The next morning, I thought everything would be better, so I tried going down the stairs standing up, which was a mistake because the leg gave out halfway down. I could just about manage to go up stairs if I took my time, but for some reason, down was harder.

There was nothing to stop me working – I just sit at a desk all day for the main part – but it made me think about all the other things that I never even consider.

If I want something, I just get up and get it.

Now, until I can rely on the leg more, I can’t carry hot drinks. So I have to put the cup on my desk and carefully bring the kettle over, because it’s easier to carry that than the hot drink. Or drag a chair over to the drink-making area in the kitchen and drink coffee there. This was until I had the idea of using our old office chair, which was conveniently in the kitchen, for shifting hot drinks and food around as I sit on it. Result – dinner at the table like a civilised person!

I had to prepare food sitting down so I didn’t fall over. I can’t just leave things in random places, because going to fetch them would be a mission. I was 3 minutes late for my meeting on Wednesday morning because I couldn’t just dash up the stairs as I usually do.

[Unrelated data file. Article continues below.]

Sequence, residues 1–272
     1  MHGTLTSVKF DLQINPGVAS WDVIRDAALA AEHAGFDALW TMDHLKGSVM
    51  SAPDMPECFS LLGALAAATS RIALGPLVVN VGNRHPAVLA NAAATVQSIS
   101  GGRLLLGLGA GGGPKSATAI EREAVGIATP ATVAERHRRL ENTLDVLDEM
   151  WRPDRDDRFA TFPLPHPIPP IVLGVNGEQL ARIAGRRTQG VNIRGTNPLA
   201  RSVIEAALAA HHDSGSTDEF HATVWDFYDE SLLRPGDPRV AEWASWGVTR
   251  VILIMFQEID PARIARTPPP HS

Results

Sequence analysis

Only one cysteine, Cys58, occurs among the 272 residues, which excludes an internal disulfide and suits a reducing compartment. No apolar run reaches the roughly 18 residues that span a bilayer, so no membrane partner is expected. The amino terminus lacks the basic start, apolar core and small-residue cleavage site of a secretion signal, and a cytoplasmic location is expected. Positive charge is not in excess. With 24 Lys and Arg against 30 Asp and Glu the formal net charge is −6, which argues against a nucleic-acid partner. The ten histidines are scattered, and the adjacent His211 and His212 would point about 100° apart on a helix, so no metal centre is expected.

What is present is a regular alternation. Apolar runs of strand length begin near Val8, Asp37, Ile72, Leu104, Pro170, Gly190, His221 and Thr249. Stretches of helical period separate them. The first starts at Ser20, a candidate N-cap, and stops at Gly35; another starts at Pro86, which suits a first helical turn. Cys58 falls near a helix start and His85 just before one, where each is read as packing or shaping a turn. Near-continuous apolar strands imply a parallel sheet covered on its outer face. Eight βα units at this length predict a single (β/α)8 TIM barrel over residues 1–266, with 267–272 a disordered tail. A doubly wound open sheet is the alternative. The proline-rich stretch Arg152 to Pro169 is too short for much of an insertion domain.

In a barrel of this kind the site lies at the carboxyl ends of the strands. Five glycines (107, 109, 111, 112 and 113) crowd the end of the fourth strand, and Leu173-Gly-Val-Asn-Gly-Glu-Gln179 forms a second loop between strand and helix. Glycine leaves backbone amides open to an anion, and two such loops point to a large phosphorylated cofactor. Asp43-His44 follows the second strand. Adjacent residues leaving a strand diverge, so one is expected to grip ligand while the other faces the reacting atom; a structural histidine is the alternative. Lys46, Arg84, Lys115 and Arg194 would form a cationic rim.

I have also learned that:

  1. Office chairs are great for getting around on. Office chairs are also great for using as transport when you need your hands to move hot or heavy things!
  2. If you’re going to prepare food, sitting down at the kitchen counter helps, but then it’s too low and your arms ache! You’re constantly reaching up and across because there’s nowhere for your legs – particularly if you’re not very tall!
  3. There is a limit to how much you can stuff down and carry in your top to keep your hands free. Across-the-shoulder bags are better for this!
  4. Long dresses maybe aren’t the best for when you’re sliding up an down the stairs sitting down!
  5. Everything takes longer!